Evolution of stumps, bat and bowling

The progress of the early game towards the modern game is largely defined by the evolution of the bat, the stumps and bowling techniques and regulations. Yet these three are often the cause of great confusion, even among well informed cricket followers. I was recently informed by a cheerful greybearded local at Hambledon that the middle stump, the limitation on bat-width and overarm bowling were all developed to modern norms at Broadhalfpenny Down – in truth, none of them really were, though the Hambledon Club played a part in two of them at least. The Ladybird Story of Cricket offers a wonderful summary of the myths of the game but the table below seeks to offer a more sober and accurate version.

YearSource of informationBowlingThe Wicket (ie the stumps, bails and spaces in between) Bat Illustration
1700 – the start of our knowledgeJohn Nyren writing in 1833 about discussions with a Mr Ward who himself had a document which contained the recollections of an old cricketer who was playing around the turn of the Eighteenth Century.Bowling as in lawn bowls – all along the ground.Ward says the wicket was one foot high and two feet wide; Nyren disbelieves this and so do I. An informed guess (from illustrations) would be that one foot high might be accurate but 6 inches was more probably the width.Nyren describes the bat as that time as being like a dinner knife, curved at the back and sweeping on the form of a volute (i.e. a curved end). It would seem that we are talking about the hockey stick shaped bat of which at least three examples survive.
c1750Code of laws printed in 1755 which is believed to relate back to 1744 and illustrations generally.No evidence of development away from the along the ground model.Now defined as twenty two inches high and six inches wide. It should be noted, this is rarely reflected in illustrations.From illustrations it seems like the bat was developing into a club-like implement, somewhat straighter then earlier designs.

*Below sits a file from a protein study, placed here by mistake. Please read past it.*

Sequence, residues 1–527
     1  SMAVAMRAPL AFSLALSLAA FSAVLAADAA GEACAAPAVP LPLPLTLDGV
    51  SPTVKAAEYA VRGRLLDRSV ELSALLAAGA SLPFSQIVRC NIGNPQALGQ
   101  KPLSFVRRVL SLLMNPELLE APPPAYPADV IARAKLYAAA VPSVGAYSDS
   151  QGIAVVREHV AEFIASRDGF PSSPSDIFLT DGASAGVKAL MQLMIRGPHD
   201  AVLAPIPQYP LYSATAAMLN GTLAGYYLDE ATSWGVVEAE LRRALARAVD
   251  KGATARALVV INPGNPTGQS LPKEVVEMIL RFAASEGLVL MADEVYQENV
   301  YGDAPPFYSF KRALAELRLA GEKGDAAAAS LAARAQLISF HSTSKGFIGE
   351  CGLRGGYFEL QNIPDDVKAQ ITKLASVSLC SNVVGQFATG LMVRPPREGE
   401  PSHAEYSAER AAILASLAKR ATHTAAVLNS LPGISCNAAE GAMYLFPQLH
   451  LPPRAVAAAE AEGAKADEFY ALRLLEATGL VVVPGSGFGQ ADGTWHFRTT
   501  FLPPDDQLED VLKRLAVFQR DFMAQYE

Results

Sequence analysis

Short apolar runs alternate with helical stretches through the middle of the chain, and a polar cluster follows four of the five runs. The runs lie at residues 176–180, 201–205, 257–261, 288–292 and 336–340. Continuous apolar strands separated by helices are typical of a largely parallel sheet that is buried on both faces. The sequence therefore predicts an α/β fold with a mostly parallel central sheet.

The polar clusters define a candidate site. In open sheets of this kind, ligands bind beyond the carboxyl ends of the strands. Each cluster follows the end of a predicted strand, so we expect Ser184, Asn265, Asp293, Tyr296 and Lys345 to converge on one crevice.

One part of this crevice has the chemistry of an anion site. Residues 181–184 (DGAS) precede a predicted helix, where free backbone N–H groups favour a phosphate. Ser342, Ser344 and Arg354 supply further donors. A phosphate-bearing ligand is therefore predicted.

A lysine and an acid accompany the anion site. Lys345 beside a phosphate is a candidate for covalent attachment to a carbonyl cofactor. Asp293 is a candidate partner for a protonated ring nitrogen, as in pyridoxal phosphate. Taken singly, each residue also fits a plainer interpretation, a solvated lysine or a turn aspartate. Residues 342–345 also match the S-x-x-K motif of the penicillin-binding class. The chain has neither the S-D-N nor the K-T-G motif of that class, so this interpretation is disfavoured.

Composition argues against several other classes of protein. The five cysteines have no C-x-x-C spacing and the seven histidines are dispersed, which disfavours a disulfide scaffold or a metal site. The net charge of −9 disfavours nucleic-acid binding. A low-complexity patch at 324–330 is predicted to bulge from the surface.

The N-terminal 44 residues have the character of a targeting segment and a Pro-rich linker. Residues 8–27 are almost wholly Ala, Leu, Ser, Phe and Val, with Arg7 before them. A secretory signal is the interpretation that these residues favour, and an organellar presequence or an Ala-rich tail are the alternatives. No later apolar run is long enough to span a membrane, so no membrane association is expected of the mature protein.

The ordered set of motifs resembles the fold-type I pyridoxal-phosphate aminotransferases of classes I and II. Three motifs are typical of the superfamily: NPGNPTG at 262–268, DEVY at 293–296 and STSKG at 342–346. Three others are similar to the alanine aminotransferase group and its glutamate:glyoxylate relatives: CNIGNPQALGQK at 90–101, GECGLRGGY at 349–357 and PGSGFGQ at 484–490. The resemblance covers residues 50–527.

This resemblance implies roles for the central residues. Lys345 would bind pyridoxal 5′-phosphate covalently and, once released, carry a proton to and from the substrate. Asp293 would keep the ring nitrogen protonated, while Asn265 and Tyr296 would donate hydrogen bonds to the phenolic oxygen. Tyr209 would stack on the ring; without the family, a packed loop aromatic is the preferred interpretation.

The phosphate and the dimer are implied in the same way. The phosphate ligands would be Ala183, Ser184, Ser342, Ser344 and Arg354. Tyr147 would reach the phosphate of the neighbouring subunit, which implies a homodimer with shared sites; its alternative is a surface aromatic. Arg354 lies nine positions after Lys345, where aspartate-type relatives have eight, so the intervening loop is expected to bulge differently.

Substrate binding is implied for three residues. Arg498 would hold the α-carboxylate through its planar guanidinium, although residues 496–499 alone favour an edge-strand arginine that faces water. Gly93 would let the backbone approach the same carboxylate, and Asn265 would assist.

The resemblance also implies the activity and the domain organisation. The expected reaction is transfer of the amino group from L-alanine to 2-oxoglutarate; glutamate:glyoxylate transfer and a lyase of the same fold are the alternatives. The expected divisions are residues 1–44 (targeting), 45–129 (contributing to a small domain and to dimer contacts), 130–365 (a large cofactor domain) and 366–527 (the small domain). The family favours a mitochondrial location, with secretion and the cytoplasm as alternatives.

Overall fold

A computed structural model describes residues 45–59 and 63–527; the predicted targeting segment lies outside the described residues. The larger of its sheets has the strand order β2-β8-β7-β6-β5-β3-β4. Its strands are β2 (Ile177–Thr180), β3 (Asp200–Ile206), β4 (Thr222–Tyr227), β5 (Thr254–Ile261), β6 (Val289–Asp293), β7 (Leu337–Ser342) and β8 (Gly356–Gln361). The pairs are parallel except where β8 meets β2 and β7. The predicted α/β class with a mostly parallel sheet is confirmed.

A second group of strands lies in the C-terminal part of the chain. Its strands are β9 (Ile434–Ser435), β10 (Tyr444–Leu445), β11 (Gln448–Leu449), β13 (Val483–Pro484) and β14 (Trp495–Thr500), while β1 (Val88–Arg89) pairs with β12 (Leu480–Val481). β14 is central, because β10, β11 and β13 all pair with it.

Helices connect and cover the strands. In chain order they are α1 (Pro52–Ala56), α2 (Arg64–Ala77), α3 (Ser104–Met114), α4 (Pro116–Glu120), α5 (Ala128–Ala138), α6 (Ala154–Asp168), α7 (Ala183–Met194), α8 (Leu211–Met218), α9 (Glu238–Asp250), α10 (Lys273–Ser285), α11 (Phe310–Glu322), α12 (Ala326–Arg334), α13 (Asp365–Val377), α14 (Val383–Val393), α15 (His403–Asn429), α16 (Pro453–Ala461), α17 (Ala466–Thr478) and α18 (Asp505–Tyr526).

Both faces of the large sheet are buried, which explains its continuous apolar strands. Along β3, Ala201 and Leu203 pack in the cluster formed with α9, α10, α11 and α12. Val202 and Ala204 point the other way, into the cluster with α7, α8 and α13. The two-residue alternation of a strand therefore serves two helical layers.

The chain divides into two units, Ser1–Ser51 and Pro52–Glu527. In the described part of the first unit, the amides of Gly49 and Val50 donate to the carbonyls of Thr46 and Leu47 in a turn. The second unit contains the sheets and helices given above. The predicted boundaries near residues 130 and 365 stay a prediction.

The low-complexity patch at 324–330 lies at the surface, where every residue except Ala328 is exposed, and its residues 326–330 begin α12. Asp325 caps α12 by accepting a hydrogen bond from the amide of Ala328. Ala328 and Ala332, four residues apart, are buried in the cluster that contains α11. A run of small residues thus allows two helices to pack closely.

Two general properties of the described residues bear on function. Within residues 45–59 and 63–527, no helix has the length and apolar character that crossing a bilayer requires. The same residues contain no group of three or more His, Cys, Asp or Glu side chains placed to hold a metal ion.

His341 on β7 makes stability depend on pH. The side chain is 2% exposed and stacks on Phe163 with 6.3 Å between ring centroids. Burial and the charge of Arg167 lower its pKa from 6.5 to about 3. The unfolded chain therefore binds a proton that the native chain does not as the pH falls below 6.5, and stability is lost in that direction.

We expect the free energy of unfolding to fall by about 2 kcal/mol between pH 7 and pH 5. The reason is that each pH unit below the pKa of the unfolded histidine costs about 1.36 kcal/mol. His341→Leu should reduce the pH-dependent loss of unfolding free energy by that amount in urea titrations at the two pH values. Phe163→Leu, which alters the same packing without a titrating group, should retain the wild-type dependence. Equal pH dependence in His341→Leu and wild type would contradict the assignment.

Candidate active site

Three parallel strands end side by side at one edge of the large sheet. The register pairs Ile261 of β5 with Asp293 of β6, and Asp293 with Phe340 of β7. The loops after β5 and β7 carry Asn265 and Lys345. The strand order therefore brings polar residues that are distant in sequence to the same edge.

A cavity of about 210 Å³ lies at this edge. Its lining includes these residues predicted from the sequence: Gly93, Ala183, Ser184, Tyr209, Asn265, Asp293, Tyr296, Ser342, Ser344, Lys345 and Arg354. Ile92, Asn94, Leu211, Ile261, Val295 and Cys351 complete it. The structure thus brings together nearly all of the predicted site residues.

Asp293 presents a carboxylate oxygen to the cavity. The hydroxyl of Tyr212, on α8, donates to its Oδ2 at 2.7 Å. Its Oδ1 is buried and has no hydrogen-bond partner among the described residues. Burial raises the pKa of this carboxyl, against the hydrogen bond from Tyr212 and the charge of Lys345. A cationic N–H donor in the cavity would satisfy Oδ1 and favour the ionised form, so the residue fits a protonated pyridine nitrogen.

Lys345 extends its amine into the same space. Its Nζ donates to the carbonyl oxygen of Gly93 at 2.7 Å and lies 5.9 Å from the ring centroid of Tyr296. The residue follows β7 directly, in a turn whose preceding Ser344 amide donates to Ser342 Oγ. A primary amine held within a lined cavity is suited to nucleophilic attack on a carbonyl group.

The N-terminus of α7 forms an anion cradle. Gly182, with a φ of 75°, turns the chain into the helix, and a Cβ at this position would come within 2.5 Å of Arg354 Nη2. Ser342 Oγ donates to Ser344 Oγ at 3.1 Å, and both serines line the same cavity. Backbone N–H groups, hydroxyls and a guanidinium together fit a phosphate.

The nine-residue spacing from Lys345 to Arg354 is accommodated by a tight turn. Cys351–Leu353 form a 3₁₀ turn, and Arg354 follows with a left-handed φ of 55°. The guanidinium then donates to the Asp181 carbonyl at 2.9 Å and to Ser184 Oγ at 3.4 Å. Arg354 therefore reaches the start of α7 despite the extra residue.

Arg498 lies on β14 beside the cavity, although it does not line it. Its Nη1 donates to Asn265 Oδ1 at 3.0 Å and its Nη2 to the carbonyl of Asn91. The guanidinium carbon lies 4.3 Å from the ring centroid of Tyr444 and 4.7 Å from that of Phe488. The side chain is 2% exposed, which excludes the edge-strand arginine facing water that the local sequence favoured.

c17701774 code of Laws, John Nyren, Pycroft, illustrations, Fredrick GaleLumpy Stevens of Surrey is generally thought to have been the player who did most to introduce the pitched delivery, his career was 1756-1789. It was very effective and so was copied widely – David Harris of Hambledon was to develop it further. The modern bat shape had come in by now to combat the pitched delivery. John Small of Hambledon (career c1760-c1780) was the first to master batting with it and even made them for a living.
1771NyrenOversize bat incident (at Laleham Burway between Hambledon and Chertsey) gives rise to maximum width of 4.5 inches, included in 1774 Laws
1776NyrenBall passing through wicks three times in an innings (at Artillery Ground, between five of the Hambledon Club and five of All England) gives rise to introduction of the third stump.
1798LawsStill underarm bowling, pitching (not rolled) perhaps with topspin to induce bounce. Lobs (high, slow full pitchers) may or may not have been introduced but were not far away. Wicket extended to 24 inches high and 7 inches wide.The modern shape was by now well established. The bats were however still a one piece affair, no cane handles, no springing to ease vibrations on impact.
Later yearsLaws of cricketEvolution of overarm bowling: 1816, first definition of fair bowling – hand to be below the elbow (i.e underarm only); 1835, hand not to be above the shoulder (i.e. round-arm allowed); finally 1864 no limit as to height of hand.Around 1819, the wicket became 26 inches by 7 inches, around 1823 it became 27 inches by 8 inches and in 1931 it became 28 inches by 9 inches.

The object of this table is to give an overview and provide a quick check on how cricket was played at any particular time. More detail on these items can be found on pages dealing with:

  • Laws
  • Equipment
  • Techniques